Genetic Variation and Migration of Waders

Liv Wennerberg

Research output: ThesisDoctoral Thesis (compilation)


The migratory behaviour of birds has received much scientific interest, though many questions still remain unsolved. One of the reasons for this is the difficulty of following the birds as they move between breeding and wintering localities. Populations may mix on migration and the origin of individual birds is difficult to assess. One way to address this problem may be to develop genetic population markers, using molecular genetic analysis to estimate the breeding origin of the birds, and thereby making it possible to recognise them throughout the annual cycle.

In this thesis, the genetic variation in three wader species is studied: Dunlin (Calidris alpina), Curlew Sandpiper (C. ferruginea) and White-rumped Sandpiper (C. fuscicollis). Waders are among the most long-distance migrants and often travel many thousands of kilometres every spring and autumn. The genetic variation within these species is described mainly using two molecular genetic methods: DNA-sequencing and microsatellite analysis.

In the Dunlin, the mitochondrial control region shows clear geographic structuring on a global geographic scale, however some overlap also exists between populations. Geographic structuring is also found by microsatellites, which show more variation and also indicate genetic differences between populations on a local scale. Genetic markers are applied in two studies of the migration strategies of Dunlin, showing a parallel migration system, estimating the migration distances, and showing variation within the species in the timing of breeding, migration and moult.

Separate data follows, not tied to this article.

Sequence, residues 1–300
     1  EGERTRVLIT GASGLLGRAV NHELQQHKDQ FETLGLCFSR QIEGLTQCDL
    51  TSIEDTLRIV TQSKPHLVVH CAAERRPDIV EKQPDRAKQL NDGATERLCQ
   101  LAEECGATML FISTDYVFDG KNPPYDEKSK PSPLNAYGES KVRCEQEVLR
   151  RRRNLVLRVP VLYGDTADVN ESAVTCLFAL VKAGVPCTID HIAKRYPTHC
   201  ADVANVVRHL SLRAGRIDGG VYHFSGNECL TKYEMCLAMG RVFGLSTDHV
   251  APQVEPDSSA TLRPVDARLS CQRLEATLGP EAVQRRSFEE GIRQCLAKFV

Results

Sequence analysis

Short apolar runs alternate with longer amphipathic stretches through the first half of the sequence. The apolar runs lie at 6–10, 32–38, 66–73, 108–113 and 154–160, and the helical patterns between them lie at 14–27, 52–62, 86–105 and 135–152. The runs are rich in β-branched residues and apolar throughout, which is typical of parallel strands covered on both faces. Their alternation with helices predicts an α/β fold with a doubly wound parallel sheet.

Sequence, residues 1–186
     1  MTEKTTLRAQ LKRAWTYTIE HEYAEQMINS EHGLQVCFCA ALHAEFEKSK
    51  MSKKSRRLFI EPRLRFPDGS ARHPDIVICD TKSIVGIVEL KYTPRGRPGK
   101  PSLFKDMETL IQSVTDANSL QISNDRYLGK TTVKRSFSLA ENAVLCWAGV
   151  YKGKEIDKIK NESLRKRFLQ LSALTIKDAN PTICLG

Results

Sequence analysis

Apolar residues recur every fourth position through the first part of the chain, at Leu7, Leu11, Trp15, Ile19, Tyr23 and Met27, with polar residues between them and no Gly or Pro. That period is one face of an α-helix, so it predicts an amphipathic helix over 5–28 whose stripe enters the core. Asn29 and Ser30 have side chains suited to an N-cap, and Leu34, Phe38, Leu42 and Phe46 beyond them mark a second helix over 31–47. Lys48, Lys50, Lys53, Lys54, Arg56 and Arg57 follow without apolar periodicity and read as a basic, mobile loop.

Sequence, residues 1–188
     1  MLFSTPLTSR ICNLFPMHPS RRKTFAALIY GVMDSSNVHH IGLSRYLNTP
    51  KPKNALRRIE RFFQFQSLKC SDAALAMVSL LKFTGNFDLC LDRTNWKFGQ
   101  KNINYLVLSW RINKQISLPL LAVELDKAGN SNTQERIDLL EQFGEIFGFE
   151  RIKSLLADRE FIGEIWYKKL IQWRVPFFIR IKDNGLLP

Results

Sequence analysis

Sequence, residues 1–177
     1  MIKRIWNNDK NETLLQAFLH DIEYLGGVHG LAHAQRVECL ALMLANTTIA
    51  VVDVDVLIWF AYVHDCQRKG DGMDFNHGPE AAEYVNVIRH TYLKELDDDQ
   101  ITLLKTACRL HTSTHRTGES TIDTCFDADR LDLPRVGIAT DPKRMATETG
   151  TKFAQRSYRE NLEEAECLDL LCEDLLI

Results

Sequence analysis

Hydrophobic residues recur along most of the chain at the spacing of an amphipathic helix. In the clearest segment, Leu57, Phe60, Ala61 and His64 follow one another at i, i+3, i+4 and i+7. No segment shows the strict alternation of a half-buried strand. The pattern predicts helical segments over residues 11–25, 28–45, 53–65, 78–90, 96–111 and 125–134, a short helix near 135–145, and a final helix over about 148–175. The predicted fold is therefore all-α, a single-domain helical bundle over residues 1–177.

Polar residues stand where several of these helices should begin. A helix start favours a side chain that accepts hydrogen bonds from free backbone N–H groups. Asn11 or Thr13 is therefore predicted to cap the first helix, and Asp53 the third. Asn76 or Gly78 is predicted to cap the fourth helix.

The Curlew Sandpiper, on the other hand, shows almost no geographic structuring and seems to have extremely low genetic differentiation between the two extreme flyways to West Africa and Australia respectively. Also the White-rumped Sandpiper shows genetic similarities between distant breeding areas. The low levels of genetic variation and population structuring in high arctic waders may be related to the influence of the glacial cycles on the breeding habitat, as well as to their migration strategies.

Another method for identifying the origin of migrating birds may be to use of isotope analysis. White-rumped Sandpipers from different breeding grounds had different carbon isotopes ratios in the feathers, thus isotope analysis make it possible to distinguish them also on migration.
Original languageEnglish
Awarding Institution
  • Department of Biology
  • [unknown], [unknown], Supervisor, External person
Award date2001 Nov 9
ISBN (Print)91-7105-161-9
Publication statusPublished - 2001

Bibliographical note

Defence details

Date: 2001-11-09
Time: 10:15
Place: Ecology Building, Lund University

External reviewer(s)

Name: Haig, Susan
Title: Dr
Affiliation: US Geological Survey, Corvallis, USA


The information about affiliations in this record was updated in December 2015.
The record was previously connected to the following departments: Animal Ecology (Closed 2011) (011012001)

Subject classification (UKÄ)

  • Ecology


  • mtDNA sequencing
  • microsatellite analysis
  • Dunlin
  • Calidris alpina
  • Curlew Sandpiper
  • Calidris ferruginea
  • White-rumped Sandpiper
  • Calidris fuscicollis
  • carbon isotope ratios
  • Zoologi
  • Zoology
  • Ecology
  • bird migration
  • population genetics
  • Ekologi
  • Animal ecology
  • Djurekologi


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